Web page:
Skip to content

The promises that cloud-based delivery mechanisms would improve flexibilityspeed deployment, and spur business innovation are clearly being realized, and that’s brought about both benefits and challenges for IT departments. The plus-sides are illustrated by findings showing that 97% of senior IT senior decision makers surveyed by Vanson Bourne for Tata Communications say their organizations have adopted cloud-computing to some extent, with 84% reporting that cloud computing is already critical, or very important, to their organizations. All the while, more than 8 in 10 of those same respondents say the cloud has met or exceeded expectations in terms of cost reduction, access to data, increased revenue, increased productivity, and improved internal communications, among other upsides.

As for any downside, the accessibility of cloud-based services also has democratized enterprise technology within the enterprise, placing the purchasing and deployment IT assets outside of the control of IT departments. This “shadow IT,” whereby various employees install and use software without the consent, or possibly even knowledge, of IT departments, is expected to account for about 15% of application spending by small and mid-market firms, according to figures from Techaisle.

Surveys by CDW, meanwhile, found that as much as 37% of cloud services among cloud-subscribing organizations are selected and managed by employees outside of the IT department. CDW reports that 33% of HR departments, 33% of operations, and 29% of finance departments report to buying cloud services directly. The top applications being purchased under shadow include back-up and file sharing software, and mobility and social tools, suggests a Vanson Bourne survey.

The risks and complications for IT departments are understandable. In addition to security and compliance issues – due to company data getting spread across more users and devices – there’s also the problems of siloed data and duplicated costs, since shadow apps generally won’t be connected to the broader IT infrastructure. So, it’s easy to see why shadow IT was initially considered a threat to IT departments, whose first reactions was to clamp down on what it considered “rogue” or “Black Ops” IT, as it was disparagingly dubbed.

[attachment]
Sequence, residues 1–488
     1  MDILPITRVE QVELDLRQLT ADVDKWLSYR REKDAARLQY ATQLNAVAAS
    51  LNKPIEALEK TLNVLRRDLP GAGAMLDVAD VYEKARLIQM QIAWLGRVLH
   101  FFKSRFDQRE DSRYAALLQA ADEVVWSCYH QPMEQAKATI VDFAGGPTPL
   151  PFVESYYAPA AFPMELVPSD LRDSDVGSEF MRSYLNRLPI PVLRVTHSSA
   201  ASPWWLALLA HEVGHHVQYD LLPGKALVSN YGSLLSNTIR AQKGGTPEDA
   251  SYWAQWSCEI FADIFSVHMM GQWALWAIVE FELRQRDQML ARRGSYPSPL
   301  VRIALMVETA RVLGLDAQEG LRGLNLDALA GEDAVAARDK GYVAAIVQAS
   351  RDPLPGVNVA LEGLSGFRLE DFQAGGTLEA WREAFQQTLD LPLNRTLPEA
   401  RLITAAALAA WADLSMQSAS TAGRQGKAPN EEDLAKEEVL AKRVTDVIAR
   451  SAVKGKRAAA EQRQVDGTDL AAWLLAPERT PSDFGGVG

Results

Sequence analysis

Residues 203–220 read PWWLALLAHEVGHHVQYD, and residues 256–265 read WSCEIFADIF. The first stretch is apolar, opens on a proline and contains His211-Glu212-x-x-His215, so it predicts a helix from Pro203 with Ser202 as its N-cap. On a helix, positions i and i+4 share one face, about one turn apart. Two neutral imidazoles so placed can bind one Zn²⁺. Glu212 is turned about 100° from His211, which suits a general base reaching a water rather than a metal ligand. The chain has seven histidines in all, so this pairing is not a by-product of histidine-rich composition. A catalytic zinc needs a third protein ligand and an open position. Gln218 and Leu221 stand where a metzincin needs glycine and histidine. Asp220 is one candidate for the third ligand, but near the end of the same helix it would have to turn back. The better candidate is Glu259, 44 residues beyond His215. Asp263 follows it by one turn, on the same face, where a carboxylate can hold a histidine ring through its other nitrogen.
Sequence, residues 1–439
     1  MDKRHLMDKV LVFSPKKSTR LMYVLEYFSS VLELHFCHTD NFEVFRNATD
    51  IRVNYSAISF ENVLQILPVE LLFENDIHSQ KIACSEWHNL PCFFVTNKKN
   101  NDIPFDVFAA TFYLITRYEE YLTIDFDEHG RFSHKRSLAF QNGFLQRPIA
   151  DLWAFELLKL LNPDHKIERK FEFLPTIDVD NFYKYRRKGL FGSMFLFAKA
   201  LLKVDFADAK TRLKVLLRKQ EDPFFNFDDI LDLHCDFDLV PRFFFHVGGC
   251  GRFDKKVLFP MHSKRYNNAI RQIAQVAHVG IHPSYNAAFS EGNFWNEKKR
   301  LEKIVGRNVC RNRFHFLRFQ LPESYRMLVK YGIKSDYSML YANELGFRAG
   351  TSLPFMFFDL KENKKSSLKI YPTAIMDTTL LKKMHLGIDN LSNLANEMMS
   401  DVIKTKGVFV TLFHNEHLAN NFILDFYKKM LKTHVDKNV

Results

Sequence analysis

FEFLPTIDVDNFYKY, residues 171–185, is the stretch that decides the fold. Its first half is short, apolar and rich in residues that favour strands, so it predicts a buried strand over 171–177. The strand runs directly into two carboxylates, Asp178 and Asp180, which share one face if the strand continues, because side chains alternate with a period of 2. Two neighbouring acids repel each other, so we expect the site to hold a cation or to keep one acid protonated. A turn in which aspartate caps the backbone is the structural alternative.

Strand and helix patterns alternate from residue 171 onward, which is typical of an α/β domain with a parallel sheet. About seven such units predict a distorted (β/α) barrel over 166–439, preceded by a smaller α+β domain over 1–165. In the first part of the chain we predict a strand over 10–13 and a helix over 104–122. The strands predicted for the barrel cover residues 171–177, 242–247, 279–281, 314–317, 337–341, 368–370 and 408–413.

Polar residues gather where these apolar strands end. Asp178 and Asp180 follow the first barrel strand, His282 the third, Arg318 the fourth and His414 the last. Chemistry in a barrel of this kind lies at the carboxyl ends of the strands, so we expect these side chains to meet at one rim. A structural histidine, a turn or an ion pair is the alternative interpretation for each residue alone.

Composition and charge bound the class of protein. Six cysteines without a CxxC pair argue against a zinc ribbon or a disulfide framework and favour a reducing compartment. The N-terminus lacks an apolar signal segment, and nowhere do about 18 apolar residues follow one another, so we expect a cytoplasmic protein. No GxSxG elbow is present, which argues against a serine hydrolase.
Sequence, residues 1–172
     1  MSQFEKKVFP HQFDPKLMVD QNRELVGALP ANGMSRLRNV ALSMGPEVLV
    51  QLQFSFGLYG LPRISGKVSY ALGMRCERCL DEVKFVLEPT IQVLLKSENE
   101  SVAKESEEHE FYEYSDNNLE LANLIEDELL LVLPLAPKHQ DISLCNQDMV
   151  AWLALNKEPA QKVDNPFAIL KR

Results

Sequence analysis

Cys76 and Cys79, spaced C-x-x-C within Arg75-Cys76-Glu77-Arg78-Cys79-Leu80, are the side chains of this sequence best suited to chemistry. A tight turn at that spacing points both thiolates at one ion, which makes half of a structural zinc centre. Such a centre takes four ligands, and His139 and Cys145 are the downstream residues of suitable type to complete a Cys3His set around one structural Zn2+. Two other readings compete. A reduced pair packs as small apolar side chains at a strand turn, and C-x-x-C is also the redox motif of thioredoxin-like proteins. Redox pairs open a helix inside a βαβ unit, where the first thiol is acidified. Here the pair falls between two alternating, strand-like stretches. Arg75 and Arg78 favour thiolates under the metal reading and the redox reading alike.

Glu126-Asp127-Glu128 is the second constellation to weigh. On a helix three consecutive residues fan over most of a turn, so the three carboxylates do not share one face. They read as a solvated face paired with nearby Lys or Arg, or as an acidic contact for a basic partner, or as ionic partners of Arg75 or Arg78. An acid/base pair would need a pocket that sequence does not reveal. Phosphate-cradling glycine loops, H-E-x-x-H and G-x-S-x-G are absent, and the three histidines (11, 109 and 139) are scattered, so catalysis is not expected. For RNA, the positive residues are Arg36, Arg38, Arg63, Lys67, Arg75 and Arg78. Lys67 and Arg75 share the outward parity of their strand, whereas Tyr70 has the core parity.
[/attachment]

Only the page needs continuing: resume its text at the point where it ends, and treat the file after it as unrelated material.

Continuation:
Besides IT, what parts of the organization are buying cloud services directly?*
Operations 33%
Human resources 33%
Finance 29%
R&D 24%
Marketing 23%
Sales 22%
Corporate 19%
Legal 14%
Source: CDW; *among IT decision makers

Today, however, IT departments are beginning to accept the reality of shadow IT and are being advised to embrace and manage it. Despite their initial concerns, CIOs and IT leaders are beginning to understand that business users are essentially just trying to do their jobs and use technology to move companies forward. And, this falls directly in line with CIOs’ current stated agenda of placing more time and money on innovation, and less on maintenance.

Among retail CIOs surveyed by Forrester Research, for example, developing an effective IT governance process that allows for innovation, yet protects the business, was a top priority in 2015 – behind only managing data security. It was named as a top-five by 78 percent of respondents, up from the 24 percent who expressed the same concern in 2014.

Elsewhere, more than half (56%) of North American IT professionals said a program that allows employees to “bring your own application” (BYOA) provides greater flexibility to access information, while a quarter see it as a way to reduce the cost of software purchase and licensing.

“IT organizations need to reframe their perspective on shadow IT, engage with it and adopt practices that will exploit it as a delivery mechanism,” writes Gartner analysts Simon Mingay, in his May 2014 report on the subject. Indeed, the emergence of shadow IT — along with the cloud-based delivery mechanism that largely enables it – has made businesses and their technology more agile. And, to truly take advantage of all it can be, Simon recommends IT becomes more agile, as well.

Martin Vilaboy From ChannelVision Magazine

Martin Vilaboy is editor-in-chief of ChannelVision magazine, a printed and online source for resellers and brokers of communications and IT products and services. For more information, visit:www.channelvisionmag.comCV@LinkedIn.


For more information on our Cloud Solutions, please visit our Products page or request information to speak with a cloud specialist.